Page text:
DarkChem Lite v0.1.0
DarkChem Lite v0.1.0
DarkChem Lite v0.1.0
DeepCCS 1.0 (2019)
DarkChem Lite v0.1.0
DarkChem Lite v0.1.0
DarkChem Lite v0.1.0
DeepCCS 1.0 (2019)


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Pharmacological action
General Function
Sterol 5-alpha reductase activity
Specific Function
Converts testosterone (T) into 5-alpha-dihydrotestosterone (DHT) and progesterone or corticosterone into their corresponding 5-alpha-3-oxosteroids. It plays a central role in sexual differentiation...
Gene Name
Uniprot ID
Uniprot Name
3-oxo-5-alpha-steroid 4-dehydrogenase 2
Molecular Weight
28393.015 Da
  1. Bowman CJ, Barlow NJ, Turner KJ, Wallace DG, Foster PM: Effects of in utero exposure to finasteride on androgen-dependent reproductive development in the male rat. Toxicol Sci. 2003 Aug;74(2):393-406. Epub 2003 May 28. [Article]
  2. Xu Y, Dalrymple SL, Becker RE, Denmeade SR, Isaacs JT: Pharmacologic basis for the enhanced efficacy of dutasteride against prostatic cancers. Clin Cancer Res. 2006 Jul 1;12(13):4072-9. [Article]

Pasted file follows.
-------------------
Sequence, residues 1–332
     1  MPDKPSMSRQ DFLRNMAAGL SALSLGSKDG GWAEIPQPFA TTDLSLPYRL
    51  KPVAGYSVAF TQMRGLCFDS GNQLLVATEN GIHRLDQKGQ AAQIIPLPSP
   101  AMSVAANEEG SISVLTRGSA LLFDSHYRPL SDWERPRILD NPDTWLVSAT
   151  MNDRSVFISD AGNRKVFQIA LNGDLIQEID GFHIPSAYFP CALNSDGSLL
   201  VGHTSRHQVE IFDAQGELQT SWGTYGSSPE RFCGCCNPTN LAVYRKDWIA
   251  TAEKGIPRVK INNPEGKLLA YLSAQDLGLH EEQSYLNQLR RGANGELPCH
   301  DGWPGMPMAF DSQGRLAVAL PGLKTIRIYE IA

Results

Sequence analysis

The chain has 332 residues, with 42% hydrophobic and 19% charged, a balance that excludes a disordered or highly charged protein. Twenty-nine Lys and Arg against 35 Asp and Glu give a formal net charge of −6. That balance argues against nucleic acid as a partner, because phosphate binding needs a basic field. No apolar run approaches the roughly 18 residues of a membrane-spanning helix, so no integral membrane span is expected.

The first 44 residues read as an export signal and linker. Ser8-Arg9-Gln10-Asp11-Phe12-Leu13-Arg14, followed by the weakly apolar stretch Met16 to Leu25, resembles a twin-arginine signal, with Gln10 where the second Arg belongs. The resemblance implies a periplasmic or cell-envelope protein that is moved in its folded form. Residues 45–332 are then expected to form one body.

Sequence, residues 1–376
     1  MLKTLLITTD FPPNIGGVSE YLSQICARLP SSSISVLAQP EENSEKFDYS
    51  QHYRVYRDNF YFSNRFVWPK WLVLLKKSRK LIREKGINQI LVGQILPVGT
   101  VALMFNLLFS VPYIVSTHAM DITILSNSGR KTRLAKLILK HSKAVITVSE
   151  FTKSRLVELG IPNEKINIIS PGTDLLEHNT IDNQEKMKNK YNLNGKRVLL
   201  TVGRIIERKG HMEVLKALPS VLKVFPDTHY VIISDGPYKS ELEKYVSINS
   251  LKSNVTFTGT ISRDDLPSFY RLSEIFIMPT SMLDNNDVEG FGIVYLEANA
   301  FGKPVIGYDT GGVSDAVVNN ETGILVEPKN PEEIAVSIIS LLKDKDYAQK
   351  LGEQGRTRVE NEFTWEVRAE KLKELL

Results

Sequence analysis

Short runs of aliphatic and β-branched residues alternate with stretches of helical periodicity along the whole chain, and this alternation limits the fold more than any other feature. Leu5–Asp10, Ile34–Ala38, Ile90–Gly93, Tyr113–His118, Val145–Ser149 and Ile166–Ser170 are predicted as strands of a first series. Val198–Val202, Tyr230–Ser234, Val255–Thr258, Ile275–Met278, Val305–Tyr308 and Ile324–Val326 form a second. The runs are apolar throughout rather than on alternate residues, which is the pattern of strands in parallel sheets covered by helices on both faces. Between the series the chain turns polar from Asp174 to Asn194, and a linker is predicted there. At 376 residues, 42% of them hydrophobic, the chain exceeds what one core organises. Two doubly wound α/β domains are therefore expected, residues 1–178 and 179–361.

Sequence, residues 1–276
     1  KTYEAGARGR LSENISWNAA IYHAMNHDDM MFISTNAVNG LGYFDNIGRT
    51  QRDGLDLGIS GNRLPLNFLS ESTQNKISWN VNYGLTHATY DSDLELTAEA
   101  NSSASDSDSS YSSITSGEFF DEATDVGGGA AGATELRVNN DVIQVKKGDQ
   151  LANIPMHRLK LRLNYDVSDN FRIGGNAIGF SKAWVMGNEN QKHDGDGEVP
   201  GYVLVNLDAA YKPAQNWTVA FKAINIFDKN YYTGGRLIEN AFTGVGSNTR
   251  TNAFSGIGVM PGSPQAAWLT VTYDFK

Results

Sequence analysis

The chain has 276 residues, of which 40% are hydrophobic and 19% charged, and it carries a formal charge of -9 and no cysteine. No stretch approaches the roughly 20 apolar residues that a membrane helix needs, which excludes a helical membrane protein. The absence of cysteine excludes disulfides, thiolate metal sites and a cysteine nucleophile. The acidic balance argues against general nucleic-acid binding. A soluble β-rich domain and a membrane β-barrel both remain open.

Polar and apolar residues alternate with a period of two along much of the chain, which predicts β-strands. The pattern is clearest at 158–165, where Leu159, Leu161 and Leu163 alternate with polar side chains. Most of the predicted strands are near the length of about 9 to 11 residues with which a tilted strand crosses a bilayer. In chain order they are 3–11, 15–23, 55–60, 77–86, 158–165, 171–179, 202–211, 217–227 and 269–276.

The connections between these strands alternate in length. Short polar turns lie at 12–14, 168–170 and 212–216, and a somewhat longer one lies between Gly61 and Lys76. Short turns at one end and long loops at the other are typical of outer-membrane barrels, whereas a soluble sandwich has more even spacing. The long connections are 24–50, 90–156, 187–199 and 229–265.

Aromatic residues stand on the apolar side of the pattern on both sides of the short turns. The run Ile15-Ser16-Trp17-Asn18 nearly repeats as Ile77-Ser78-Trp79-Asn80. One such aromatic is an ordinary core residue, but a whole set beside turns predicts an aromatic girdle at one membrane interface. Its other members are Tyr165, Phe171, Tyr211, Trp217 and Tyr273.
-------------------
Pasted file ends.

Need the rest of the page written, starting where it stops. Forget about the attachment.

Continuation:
3. Ha SJ, Kim JS, Myung JW, Lee HJ, Kim JW: Analysis of genetic polymorphisms of steroid 5alpha-reductase type 1 and 2 genes in Korean men with androgenetic alopecia. J Dermatol Sci. 2003 Apr;31(2):135-41. [Article]
  4. Suzuki R, Satoh H, Ohtani H, Hori S, Sawada Y: Saturable binding of finasteride to steroid 5alpha-reductase as determinant of nonlinear pharmacokinetics. Drug Metab Pharmacokinet. 2010;25(2):208-13. [Article]
  5. Smith AB, Carson CC: Finasteride in the treatment of patients with benign prostatic hyperplasia: a review. Ther Clin Risk Manag. 2009 Jun;5(3):535-45. Epub 2009 Jul 12. [Article]
  6. Goldenberg L, So A, Fleshner N, Rendon R, Drachenberg D, Elhilali M: The role of 5-alpha reductase inhibitors in prostate pathophysiology: Is there an additional advantage to inhibition of type 1 isoenzyme? Can Urol Assoc J. 2009 Jun;3(3 Suppl 2):S109-14. [Article]
  7. Joseph MA, Jayaseelan E, Ganapathi B, Stephen J: Hidradenitis suppurativa treated with finasteride. J Dermatolog Treat. 2005 Apr;16(2):75-8. [Article]
Pharmacological action
General Function
Electron carrier activity
Specific Function
Converts testosterone into 5-alpha-dihydrotestosterone and progesterone or corticosterone into their corresponding 5-alpha-3-oxosteroids. It plays a central role in sexual differentiation and andro...